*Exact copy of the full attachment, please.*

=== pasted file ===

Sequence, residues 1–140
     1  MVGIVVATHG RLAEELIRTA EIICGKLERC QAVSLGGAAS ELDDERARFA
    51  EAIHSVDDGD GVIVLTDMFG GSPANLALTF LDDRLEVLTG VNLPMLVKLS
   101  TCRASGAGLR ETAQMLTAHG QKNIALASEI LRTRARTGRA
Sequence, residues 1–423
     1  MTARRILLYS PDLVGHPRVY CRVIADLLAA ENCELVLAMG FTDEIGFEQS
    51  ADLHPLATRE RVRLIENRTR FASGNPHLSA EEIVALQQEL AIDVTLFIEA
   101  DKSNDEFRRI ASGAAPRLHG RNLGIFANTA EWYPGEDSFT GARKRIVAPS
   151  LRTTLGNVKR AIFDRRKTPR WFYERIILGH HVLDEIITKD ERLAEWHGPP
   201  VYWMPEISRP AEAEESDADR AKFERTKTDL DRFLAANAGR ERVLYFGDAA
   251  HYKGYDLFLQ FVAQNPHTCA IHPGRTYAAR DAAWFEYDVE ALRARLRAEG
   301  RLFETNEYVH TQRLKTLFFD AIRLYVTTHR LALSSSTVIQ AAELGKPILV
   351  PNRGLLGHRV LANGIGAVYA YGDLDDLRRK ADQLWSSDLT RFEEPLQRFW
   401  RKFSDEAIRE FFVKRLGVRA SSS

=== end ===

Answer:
Sequence, residues 1–140
     1  MVGIVVATHG RLAEELIRTA EIICGKLERC QAVSLGGAAS ELDDERARFA
    51  EAIHSVDDGD GVIVLTDMFG GSPANLALTF LDDRLEVLTG VNLPMLVKLS
   101  TCRASGAGLR ETAQMLTAHG QKNIALASEI LRTRARTGRA
Sequence, residues 1–423
     1  MTARRILLYS PDLVGHPRVY CRVIADLLAA ENCELVLAMG FTDEIGFEQS
    51  ADLHPLATRE RVRLIENRTR FASGNPHLSA EEIVALQQEL AIDVTLFIEA
   101  DKSNDEFRRI ASGAAPRLHG RNLGIFANTA EWYPGEDSFT GARKRIVAPS
   151  LRTTLGNVKR AIFDRRKTPR WFYERIILGH HVLDEIITKD ERLAEWHGPP
   201  VYWMPEISRP AEAEESDADR AKFERTKTDL DRFLAANAGR ERVLYFGDAA
   251  HYKGYDLFLQ FVAQNPHTCA IHPGRTYAAR DAAWFEYDVE ALRARLRAEG
   301  RLFETNEYVH TQRLKTLFFD AIRLYVTTHR LALSSSTVIQ AAELGKPILV
   351  PNRGLLGHRV LANGIGAVYA YGDLDDLRRK ADQLWSSDLT RFEEPLQRFW
   401  RKFSDEAIRE FFVKRLGVRA SSS